Luz Maria Gordillo
University of Texas Press, 2010

There are communities of people who live their lives in two places at once. Residents of Detroit, Michigan, and the small town of San Ignacio, Mexico, for example. In her book, historian Luz Maria Gordillo sets out to explain the history of this phenomenon, which dates back to the 1940s when the Bracero Program started bringing temporary Mexican laborers into the Midwest.

She hones that focus to women from San Ignacio who started moving into Detroit in the 1970s. Tracing the connections back to the first families to move to Michigan’s largest city, Gordillo explores how hometown and cultural connections helped the women become established in their new community—figuring out where to live, work, and send their children to school. Most have settled into an area called Mexican Town.

Looking deeper, she focuses on several women to see how their relationships and senses of identity are affected by the migrations. Because the men of San Ignacio left first to work in the United States, the women of San Ignacio had to take on the more typically male roles of local bread-winners and decision-makers. The changing gender roles carried forward when these women moved north to work and be closer to their husbands and families.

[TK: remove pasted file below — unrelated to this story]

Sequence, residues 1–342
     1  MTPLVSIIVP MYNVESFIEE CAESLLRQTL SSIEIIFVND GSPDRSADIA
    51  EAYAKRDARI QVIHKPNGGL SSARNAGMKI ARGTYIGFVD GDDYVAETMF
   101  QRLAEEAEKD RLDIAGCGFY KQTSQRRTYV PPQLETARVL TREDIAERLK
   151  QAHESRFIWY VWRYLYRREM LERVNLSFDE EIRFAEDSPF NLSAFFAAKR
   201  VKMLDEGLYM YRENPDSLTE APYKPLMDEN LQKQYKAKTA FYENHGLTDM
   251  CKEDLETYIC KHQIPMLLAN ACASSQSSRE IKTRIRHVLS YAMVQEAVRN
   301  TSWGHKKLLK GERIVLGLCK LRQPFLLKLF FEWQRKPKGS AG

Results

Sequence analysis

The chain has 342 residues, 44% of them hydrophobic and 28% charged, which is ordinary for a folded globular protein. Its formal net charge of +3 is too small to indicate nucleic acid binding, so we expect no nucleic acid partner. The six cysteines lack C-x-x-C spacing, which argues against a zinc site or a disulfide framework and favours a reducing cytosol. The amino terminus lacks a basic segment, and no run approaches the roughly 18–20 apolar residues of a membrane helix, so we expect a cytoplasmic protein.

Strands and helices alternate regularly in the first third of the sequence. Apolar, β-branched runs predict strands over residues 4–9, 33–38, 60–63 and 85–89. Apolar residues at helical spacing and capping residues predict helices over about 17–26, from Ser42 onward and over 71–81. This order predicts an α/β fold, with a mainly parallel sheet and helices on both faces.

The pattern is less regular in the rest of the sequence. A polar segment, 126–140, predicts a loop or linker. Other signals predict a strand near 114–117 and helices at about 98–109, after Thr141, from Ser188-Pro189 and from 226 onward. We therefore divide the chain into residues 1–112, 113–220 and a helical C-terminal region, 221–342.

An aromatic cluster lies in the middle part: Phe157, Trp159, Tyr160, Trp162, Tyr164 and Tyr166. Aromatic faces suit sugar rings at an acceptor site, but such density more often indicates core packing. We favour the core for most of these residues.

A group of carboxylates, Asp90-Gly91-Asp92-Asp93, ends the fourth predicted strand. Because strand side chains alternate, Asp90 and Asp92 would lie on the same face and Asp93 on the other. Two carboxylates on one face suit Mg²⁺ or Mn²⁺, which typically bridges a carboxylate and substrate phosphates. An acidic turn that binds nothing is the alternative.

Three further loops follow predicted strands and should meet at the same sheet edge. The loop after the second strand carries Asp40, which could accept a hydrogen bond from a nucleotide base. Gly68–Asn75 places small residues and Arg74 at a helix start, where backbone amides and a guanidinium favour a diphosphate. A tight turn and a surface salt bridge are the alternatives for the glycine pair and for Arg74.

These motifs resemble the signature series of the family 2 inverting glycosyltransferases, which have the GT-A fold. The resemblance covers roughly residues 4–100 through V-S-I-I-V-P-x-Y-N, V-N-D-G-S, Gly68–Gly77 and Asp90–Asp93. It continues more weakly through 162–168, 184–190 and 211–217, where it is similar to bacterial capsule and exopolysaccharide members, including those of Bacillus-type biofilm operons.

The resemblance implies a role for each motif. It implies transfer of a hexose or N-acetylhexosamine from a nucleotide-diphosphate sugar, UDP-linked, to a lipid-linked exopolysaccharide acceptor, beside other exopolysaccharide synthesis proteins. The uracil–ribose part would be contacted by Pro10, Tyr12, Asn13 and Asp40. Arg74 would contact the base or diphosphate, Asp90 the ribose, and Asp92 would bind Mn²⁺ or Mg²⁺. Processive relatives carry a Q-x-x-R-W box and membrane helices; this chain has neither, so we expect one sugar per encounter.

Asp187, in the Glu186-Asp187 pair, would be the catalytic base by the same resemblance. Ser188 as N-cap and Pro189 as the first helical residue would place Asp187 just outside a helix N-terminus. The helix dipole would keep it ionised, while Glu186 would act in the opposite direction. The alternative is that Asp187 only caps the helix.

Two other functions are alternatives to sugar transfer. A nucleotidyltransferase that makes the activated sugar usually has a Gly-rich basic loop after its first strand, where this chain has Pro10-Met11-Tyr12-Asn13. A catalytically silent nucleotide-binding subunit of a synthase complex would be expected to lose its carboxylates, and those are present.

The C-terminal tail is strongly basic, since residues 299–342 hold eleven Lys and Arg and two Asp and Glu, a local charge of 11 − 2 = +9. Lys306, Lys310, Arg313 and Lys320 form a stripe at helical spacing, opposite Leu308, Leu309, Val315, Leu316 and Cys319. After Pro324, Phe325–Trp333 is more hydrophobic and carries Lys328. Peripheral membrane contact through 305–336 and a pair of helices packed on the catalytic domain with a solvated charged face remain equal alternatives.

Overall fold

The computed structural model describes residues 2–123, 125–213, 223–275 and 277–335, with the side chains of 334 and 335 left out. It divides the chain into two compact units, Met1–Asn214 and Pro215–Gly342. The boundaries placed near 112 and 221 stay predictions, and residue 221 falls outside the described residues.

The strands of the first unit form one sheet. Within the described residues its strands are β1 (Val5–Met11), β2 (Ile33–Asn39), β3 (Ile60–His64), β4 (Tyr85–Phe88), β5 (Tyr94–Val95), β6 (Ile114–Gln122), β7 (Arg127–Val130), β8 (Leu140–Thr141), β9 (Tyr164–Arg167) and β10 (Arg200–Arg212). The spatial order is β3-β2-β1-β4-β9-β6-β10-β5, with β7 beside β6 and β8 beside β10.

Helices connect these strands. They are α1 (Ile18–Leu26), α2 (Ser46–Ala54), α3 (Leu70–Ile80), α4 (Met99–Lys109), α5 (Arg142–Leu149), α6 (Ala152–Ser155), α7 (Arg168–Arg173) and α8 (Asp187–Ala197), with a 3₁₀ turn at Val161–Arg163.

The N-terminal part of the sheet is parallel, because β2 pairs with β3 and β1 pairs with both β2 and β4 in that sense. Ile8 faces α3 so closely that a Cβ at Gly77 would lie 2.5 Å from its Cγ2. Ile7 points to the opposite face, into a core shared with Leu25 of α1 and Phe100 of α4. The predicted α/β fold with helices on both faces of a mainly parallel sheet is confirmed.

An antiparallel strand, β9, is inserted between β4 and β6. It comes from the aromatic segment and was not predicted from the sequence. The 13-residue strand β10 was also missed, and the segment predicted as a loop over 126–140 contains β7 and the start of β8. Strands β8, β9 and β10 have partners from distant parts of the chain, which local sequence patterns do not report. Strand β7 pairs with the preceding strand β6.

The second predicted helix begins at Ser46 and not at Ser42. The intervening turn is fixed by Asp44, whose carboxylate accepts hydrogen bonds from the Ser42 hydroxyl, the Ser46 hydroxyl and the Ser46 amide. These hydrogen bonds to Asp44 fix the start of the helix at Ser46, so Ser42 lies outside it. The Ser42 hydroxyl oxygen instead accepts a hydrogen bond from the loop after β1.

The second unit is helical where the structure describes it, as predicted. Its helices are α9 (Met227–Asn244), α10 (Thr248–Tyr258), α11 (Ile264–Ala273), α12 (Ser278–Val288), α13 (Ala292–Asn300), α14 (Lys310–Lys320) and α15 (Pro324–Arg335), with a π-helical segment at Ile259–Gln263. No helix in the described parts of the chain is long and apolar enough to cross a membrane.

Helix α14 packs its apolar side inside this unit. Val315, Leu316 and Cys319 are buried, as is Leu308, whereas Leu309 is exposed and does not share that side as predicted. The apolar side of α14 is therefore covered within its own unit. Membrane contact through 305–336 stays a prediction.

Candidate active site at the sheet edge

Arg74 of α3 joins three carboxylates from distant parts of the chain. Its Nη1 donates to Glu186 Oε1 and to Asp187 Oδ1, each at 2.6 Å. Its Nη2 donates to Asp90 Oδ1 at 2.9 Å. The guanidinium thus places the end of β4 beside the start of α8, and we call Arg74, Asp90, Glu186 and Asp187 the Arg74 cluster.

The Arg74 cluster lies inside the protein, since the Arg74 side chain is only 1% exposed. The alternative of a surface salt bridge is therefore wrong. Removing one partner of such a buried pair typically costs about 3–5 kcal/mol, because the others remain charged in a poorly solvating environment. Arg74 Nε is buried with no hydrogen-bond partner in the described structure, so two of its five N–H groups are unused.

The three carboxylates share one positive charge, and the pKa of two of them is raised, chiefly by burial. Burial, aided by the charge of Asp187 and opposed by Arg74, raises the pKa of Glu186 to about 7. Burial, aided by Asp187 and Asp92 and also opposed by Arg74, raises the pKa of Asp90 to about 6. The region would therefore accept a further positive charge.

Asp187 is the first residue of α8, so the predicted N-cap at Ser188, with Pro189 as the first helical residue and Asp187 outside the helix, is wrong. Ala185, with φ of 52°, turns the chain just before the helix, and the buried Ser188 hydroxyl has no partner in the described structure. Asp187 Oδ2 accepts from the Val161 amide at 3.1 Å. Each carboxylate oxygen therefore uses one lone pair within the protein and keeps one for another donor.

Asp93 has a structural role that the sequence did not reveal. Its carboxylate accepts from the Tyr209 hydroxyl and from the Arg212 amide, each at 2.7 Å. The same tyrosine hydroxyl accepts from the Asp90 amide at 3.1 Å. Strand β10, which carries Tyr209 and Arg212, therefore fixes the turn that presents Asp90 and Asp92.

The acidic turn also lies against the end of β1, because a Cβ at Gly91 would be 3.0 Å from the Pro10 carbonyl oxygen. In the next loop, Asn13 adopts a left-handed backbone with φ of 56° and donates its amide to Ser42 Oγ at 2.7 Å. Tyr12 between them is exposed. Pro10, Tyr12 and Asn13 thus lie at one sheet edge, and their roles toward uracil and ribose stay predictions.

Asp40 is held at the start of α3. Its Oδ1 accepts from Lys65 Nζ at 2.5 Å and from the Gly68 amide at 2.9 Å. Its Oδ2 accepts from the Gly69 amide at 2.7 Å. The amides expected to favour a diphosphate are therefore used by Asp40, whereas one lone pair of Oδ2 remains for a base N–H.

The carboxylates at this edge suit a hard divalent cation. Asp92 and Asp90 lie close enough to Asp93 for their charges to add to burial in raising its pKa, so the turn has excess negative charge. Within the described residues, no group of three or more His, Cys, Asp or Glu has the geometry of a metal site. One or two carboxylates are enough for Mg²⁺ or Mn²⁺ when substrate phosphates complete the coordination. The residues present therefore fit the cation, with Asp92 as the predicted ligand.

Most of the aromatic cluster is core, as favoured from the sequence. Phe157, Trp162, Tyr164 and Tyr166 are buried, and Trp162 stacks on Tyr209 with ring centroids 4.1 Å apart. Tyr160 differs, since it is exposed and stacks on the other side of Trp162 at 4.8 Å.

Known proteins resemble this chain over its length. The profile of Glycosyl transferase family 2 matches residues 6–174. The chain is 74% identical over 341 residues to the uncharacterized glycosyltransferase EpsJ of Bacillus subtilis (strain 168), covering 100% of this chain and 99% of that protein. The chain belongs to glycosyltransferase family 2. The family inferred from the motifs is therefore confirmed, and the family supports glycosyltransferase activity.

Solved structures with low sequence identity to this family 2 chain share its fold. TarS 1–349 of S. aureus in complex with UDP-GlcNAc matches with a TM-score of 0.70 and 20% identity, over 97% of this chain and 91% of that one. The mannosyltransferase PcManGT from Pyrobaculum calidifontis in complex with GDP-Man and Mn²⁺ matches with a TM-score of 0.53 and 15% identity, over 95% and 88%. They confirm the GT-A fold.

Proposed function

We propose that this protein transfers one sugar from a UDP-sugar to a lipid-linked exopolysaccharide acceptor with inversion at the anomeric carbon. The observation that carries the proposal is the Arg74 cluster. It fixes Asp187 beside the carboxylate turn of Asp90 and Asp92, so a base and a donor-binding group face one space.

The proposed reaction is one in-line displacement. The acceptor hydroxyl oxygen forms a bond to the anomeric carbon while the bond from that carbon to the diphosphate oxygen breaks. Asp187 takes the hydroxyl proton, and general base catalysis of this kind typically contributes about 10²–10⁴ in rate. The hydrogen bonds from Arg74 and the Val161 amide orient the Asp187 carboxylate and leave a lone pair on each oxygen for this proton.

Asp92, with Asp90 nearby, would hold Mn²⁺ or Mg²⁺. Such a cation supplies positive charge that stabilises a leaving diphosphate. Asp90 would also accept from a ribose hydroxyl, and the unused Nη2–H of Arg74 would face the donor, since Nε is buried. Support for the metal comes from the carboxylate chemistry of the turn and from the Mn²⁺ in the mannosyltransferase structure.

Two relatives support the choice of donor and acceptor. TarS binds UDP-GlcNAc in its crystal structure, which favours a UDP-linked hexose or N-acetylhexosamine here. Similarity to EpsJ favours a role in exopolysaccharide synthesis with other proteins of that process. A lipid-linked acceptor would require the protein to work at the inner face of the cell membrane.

Though many of the families Gordillo writes about have moved permanently to Detroit, they still maintain ties to their old town, sending money to help their families, building themselves retirement homes and making improvements. Every January, the San Ignacians return home to reconnect with their families and communities. Both Detroit and San Ignacio “are integral to their everyday lives and should be considered parts of a whole,” Gordillo writes.

While the book is a scholarly historical and anthropological assessment, it’s of value to the general reader because it opens a view into the lives and ideals of the people, particularly women, who have migrated to the United States to work and be with their families. By telling the stories of real families, including one where the husband has a green card, the young son is a citizen, and the wife is undocumented, Gordillo shows us how complicated life for her subjects can be.

Luz Maria Gordillo teaches history and women’s studies at WSU Vancouver. Some of her classes center on women’s history and Latin American issues.